When Can My Child Walk to School Alone?
We've compiled some expert guidance to help you know when your child is ready to start walking to school without you.
Parents struggle with many things when it comes to the safety and security of their children. One scary question that a lot of parents face is how old children should be before they walk to school on their own. Who makes that call?
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There has been a huge drop in the number of children who regularly cycle or walk to school by themselves. According to the a study from the University of Westminster, in 1971 86% of primary school pupils walked home by themselves compared to only 25% in 2013.
This is despite the findings that road safety for kids is actually vastly improving. The child pedestrian injury rates are down significantly since 1995 -- mostly because of increased education for parents and better traffic infrastructure surrounding schools, such as pavements and lollypop ladies/men.
But what does this mean for your children? When are they are ready?
How young is too young?
The answer to the 'walk to school' question is not black and white, it depends on factors such as:
- The journey itself:
Evaluate the distance to the school, the availability of pavements and street lights, the type of area (do people look out for one another?), whether the roads are busy and the local street safety measures.
- Your child’s level of maturity:
Consider your child’s ability to follow directions, be sensible and be streetwise. Do they know who and when to ask for help? Are they savvy about stranger danger?
YouGov reports that the average age at which Britons say that a child is fine to walk to school unaccompanied by an adult is 10 - however remember that not all 10 year-olds are the same! Some are much more able to look after themselves than others. Chris Cloke, Head for Child Protection Awareness at the NSPCC says that in most situations, children under the age of 8 shouldn’t be out on their own. However a head teacher at a school in Somerset says "Some six-year-old children living close to a school with safe pedestrian routes would be quite capable of walking unaccompanied. Others would not by the nature of their personality.”
How can you prepare your children?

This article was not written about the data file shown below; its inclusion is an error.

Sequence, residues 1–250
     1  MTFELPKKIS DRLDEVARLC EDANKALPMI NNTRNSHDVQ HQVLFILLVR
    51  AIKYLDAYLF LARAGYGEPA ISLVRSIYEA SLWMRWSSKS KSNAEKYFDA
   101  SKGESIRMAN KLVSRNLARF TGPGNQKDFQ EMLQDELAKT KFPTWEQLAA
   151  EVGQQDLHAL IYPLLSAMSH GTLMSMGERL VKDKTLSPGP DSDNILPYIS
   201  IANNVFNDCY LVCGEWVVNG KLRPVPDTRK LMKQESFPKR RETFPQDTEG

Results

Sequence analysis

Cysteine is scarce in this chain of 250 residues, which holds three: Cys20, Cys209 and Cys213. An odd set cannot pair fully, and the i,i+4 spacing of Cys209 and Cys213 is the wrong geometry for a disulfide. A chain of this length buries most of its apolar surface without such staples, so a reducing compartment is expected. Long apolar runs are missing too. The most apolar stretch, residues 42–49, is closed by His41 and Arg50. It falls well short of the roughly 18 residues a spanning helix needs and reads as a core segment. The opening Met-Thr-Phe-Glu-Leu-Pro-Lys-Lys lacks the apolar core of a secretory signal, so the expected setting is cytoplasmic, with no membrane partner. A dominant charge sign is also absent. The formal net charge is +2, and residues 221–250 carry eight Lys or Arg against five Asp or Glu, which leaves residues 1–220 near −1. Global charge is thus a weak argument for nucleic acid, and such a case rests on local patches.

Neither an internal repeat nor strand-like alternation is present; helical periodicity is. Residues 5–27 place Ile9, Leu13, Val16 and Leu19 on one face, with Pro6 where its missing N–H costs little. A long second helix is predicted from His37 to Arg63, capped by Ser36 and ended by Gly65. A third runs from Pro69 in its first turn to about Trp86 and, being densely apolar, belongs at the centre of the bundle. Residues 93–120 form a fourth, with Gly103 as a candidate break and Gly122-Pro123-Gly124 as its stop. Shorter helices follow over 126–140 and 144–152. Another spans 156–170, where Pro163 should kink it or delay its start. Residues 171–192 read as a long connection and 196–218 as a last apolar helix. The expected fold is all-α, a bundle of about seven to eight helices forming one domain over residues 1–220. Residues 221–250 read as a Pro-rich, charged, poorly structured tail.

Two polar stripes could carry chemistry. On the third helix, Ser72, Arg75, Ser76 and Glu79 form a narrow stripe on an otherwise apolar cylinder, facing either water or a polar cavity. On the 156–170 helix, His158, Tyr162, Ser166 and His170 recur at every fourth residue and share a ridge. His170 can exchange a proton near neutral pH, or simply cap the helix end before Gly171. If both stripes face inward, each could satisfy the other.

Before your child heads off on their walk to school by themselves (or with friends), there are a few safety precautions you should take.
To avoid injury:
- Never let a child under age 10 cross the road alone.
- Traffic signals and pavement markings have done wonders to improve road safety for kids. Make sure your child can recognise and obey them all.
- Choose the safest route between home and school and practice walking it with your child until they can demonstrate traffic-safety awareness.
Remind your child to:
- Stick to well-travelled streets, use the same route every day and avoid shortcuts through wooded areas, car parks or alleyways.
- Carry backpacks and bags close to their body, not dangling by the straps.
- Put their purse or wallet in an inside coat or front trouser pocket, not a back pocket.
- Don't wear movement restricting shoes or clothing.
- Cross streets only at safe points i.e. at zebra crossings; never enter streets from between parked cars or from behind shrubbery.
- Always look both ways before crossing the street. “Stop. Look. Listen. Live.”
- Walk -- don't run -- across crossings, and only when the man is green.
- Switch direction or cross the street if they think someone is following them or if they feel unsafe. Walk towards an open shop, restaurant or yell for help.
- Be aware of strangers. If a stranger approaches, tell a teacher, the head teacher or another trusted adult.
What is stranger danger?
This last point is particularly crucial. It is important to teach your children about good strangers as well as bad. While the general principle of ‘stranger danger’ is a good one, a child should be encouraged to speak to ‘good’ strangers (such as policemen, teachers, other parents with small children etc) if they need assistance or find themselves in a dangerous situation.
You may also want to consider getting them mobile phones for emergencies and teaching them about how to call 999. It's better to be safe than sorry. Travel in groups to be less likely to be approached by stranger. Walk in public areas so people can see and hear you. It is also a good idea to teach your children that, in the event they are approached by a stranger, to yell and kick - whatever it takes to get away.
If you don't think your child's ready to walk to school alone yet, you could organise a walking bus with other parents, rotating who’s on ‘bus duty’. This can be a fun compromise for your child and other children who live nearby.
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